This photo shows a wood pole with a large crack - stuffed with used cigarette butts. The photo was taken by Libby from Surry Hills, Australia and was found at The Art of Quitting. Smokers hang out near this pole which is near a bar. Since they can't smoke inside, they gather near this pole creating a sort of monument to smoking. Another interesting twist of irony - there is a red sign that says 'No Stopping' on the pole.
There was a time when I worked in real estate development. As much as I enjoyed watching a new building go up, I have to admit my favorite type of project was a rehab, where an existing structure was repurposed and renovated.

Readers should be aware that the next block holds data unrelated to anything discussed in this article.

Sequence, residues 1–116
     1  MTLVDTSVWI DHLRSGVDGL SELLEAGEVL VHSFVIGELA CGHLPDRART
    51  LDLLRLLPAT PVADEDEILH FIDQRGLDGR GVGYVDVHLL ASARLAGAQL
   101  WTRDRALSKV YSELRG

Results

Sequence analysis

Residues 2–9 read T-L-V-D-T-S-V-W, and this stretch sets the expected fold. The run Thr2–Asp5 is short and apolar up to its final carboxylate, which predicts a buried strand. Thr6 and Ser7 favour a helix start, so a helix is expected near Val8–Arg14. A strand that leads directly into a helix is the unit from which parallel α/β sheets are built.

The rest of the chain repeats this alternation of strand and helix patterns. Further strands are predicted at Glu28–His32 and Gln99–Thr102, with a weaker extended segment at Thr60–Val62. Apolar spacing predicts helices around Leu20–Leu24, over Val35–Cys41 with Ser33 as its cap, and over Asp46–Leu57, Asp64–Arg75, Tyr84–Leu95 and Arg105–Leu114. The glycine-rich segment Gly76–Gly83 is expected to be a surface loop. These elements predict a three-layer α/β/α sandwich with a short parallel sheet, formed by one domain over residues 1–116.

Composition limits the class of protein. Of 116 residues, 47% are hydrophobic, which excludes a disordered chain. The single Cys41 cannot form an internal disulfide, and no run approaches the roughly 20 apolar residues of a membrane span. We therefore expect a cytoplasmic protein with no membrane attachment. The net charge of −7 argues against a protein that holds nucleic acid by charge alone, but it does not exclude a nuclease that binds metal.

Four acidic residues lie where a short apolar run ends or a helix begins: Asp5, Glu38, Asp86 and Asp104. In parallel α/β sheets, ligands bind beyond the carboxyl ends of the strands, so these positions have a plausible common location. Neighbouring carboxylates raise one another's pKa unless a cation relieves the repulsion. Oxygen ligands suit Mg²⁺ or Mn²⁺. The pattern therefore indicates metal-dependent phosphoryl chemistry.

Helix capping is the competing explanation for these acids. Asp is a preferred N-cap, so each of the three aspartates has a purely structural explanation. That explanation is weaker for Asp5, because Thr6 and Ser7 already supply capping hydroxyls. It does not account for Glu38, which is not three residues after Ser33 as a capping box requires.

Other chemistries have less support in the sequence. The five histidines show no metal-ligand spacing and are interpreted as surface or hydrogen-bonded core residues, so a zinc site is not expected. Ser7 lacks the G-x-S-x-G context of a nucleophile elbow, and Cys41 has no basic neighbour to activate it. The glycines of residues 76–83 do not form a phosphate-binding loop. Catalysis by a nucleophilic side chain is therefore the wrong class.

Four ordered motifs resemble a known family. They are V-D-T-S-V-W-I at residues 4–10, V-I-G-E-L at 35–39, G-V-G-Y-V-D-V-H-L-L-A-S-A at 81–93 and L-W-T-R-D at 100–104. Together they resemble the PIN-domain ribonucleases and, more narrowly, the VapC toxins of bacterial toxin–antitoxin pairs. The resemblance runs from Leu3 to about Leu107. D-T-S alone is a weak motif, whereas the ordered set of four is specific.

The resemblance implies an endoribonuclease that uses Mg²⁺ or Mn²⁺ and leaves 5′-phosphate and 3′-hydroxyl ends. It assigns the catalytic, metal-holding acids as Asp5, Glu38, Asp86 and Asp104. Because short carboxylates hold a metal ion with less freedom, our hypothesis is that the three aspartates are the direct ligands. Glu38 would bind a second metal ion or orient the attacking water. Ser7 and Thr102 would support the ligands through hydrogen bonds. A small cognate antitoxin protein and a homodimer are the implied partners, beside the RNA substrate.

In one instance we converted a commercial office/warehouse building in Manhattan into a luxury condominium. The central core of the building was demolished in order to allow for a new elevator and staircase. On one occasion, my artistic curiosity got the better of me, and I started snapping hundreds of shots of the interior in its raw, naked state. I felt in a sense that by peeling away the interior layers I was uncovering history. (We actually did find loads of interesting information about turn-of-the-century construction methodology.)
So, here it is - my first and only photographic exposé, shot on a simple Canon PowerShot S400 (4MP). The image is a 'collage' of the many snapshots I took. I wanted to create a sort of panorama of the site's raw beauty.
This is a photo taken by Amy McKenzie. Apparently this paint chip has between 150-200 layers of paint accumulated over the years (it's only 1cm thick - note the closeup of her fingertip.) Imagine what we'd learn about history if we could read paint layers like tree rings, huh?